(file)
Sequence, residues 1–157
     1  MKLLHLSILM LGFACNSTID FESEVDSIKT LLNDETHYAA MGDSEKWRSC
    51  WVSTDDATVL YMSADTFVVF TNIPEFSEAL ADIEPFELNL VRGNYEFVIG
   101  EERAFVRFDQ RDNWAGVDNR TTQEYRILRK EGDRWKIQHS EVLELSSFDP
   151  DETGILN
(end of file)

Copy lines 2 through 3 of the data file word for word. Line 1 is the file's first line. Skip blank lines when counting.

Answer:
     1  MKLLHLSILM LGFACNSTID FESEVDSIKT LLNDETHYAA MGDSEKWRSC
    51  WVSTDDATVL YMSADTFVVF TNIPEFSEAL ADIEPFELNL VRGNYEFVIG